The head of the city Department of Homeless Services snubbed an invitation to Community Board 7’s Feb. 21 meeting — despite being a resident of the district and a former member of the board — because he’s not willing to face questions from his neighbors about why the community has been saddled with a disproportionate number of homeless shelters, according the CB 7 district manager, who said that he and other board members took his no-show as a personal slight.
“It’s very, very disappointing that one of our former board members does not show the respect to his former colleagues to simply answer our questions,” said Jeremy Laufer.
Laufer called out Commissioner Steven Banks for his department’s stonewalling of the community in a Jan. 9 letter, and challenged him to come to the February board meeting “to address the continued and unacceptable breakdown in communication that your agency has perpetuated in this community,” adding that it “fostered distrust of [the] agency as well as suspicions of the motivations of other agencies in our community.”
Laufer cited the less-than-24-hours’ notice that the agency provided locals in December, when the city took over the most recent Sunset Park hotel-turned-homeless shelter on Fourth Avenue between 25th and 26th streets — and he even accused agency reps and borough director Perri Litton of flat-out lying to the community board the month before by specifically saying multiple times that the agency had no plans to use that hotel as a shelter — even after locals said they heard rumors of the plan and saw homeless agency staff at the hotel in the weeks prior.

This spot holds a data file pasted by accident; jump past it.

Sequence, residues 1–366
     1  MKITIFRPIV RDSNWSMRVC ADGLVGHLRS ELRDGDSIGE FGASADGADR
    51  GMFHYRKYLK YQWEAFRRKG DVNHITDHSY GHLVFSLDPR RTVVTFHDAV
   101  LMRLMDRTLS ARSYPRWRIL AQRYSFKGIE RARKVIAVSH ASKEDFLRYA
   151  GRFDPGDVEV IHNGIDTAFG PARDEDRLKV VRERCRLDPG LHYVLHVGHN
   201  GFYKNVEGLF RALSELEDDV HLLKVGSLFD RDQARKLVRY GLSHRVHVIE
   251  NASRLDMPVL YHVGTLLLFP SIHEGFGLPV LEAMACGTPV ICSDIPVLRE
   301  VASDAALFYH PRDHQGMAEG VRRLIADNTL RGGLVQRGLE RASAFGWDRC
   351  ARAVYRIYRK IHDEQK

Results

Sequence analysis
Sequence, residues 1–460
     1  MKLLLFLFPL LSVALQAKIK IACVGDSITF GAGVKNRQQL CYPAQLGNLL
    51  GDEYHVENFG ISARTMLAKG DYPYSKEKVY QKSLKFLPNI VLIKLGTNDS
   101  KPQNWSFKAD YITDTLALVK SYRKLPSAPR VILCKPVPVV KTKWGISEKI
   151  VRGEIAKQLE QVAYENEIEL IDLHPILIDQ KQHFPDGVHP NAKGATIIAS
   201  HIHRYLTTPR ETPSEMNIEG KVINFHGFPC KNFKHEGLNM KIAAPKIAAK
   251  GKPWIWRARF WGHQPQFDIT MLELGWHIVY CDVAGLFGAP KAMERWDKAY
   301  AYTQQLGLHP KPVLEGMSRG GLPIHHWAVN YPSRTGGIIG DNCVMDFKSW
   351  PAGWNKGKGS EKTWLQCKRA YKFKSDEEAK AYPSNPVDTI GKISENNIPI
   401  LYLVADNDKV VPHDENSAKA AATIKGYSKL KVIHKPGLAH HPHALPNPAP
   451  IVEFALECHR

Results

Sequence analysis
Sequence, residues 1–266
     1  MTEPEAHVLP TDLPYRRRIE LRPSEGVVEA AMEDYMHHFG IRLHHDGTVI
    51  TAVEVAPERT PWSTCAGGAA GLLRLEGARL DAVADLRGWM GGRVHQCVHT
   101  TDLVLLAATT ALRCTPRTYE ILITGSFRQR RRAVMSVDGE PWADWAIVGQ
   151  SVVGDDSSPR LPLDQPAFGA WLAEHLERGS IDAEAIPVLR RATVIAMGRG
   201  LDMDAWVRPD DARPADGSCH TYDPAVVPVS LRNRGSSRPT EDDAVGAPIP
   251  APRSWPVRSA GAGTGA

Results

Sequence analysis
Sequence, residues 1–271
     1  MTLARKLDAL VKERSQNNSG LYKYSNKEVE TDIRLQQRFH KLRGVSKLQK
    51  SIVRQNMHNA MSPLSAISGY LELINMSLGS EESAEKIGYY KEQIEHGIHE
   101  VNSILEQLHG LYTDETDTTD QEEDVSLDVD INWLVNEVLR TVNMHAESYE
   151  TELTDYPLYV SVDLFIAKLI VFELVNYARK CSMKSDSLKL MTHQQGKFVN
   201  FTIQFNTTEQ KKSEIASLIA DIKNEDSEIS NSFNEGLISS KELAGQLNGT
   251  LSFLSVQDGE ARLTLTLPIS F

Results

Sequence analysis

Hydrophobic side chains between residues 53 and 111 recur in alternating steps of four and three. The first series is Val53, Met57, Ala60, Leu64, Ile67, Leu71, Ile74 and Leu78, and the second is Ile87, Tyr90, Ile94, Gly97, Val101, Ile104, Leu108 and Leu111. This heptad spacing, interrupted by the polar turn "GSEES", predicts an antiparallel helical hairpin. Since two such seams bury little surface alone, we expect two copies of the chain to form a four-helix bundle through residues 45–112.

And that wasn’t the first time the agency has withheld information from Sunset Parkers, according to Laufer. Agency reps gave locals less than a week’s notice of the opening of a controversial shelter for single men on 49th Street — the same hotel that a so-called “community advisory board” discussed at an ostensibly public September 2016 meeting from which this paper was barred. The agency also failed to inform locals that a sex offender was living in a 38th Street shelter less than 1,000 feet from several schools, Laufer wrote, adding that the community board found out through media reports and that an agency rep later refused to admit that the man ever lived there.
Laufer wrote that he and others on the board believe the Department of Homeless Services is needlessly stigmatizing its own clients “by sneaking them into shelters and hiding facts from the community,” while the board believes “residents of our shelters should be integrated into the community.”
Ironically, the agency recently led a community workshop — which Laufer attended — with the purported goal of fostering better communication between the agency and the public after local officials throughout the city complained about the lack of transparency. That makes the agency’s subsequent stonewalling and commissioner’s snub appear part of an intentional pattern, according to Laufer’s letter.
“The recurring pattern of failure to communicate seems to be a policy of the agency and not some communications glitch,” he wrote.
Laufer said agency repeatedly offered for lower-level reps to attend the meeting, but that he and the board wanted the commissioner since he’s top brass.
“We want the commissioner, not someone who’s not in a decision-making capacity,” Laufer said.
The district currently has six hotel-turned-shelters, according to a recent report in Village Voice, and Laufer estimates that the shelters house at least double the amount of homeless who come from the district.
Laufer told locals at the meeting that Borough President Adams plans to host a borough-wide forum on homelessness, which Banks is expected to attend.
“I’ll let you know when that happens so we can bring our pitchforks and torches,” Laufer said.
The homeless services agency did not respond to a request for comment by press time.